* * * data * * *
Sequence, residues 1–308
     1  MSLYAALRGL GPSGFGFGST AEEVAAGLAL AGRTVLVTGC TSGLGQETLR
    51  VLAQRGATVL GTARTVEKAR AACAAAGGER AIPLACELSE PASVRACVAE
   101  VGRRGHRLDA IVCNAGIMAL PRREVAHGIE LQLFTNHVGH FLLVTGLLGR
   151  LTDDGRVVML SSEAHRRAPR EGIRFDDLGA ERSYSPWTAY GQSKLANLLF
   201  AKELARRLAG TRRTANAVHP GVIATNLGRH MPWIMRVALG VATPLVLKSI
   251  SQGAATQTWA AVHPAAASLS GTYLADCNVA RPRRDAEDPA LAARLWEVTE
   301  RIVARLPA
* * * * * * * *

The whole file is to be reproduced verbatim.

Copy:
Sequence, residues 1–308
     1  MSLYAALRGL GPSGFGFGST AEEVAAGLAL AGRTVLVTGC TSGLGQETLR
    51  VLAQRGATVL GTARTVEKAR AACAAAGGER AIPLACELSE PASVRACVAE
   101  VGRRGHRLDA IVCNAGIMAL PRREVAHGIE LQLFTNHVGH FLLVTGLLGR
   151  LTDDGRVVML SSEAHRRAPR EGIRFDDLGA ERSYSPWTAY GQSKLANLLF
   201  AKELARRLAG TRRTANAVHP GVIATNLGRH MPWIMRVALG VATPLVLKSI
   251  SQGAATQTWA AVHPAAASLS GTYLADCNVA RPRRDAEDPA LAARLWEVTE
   301  RIVARLPA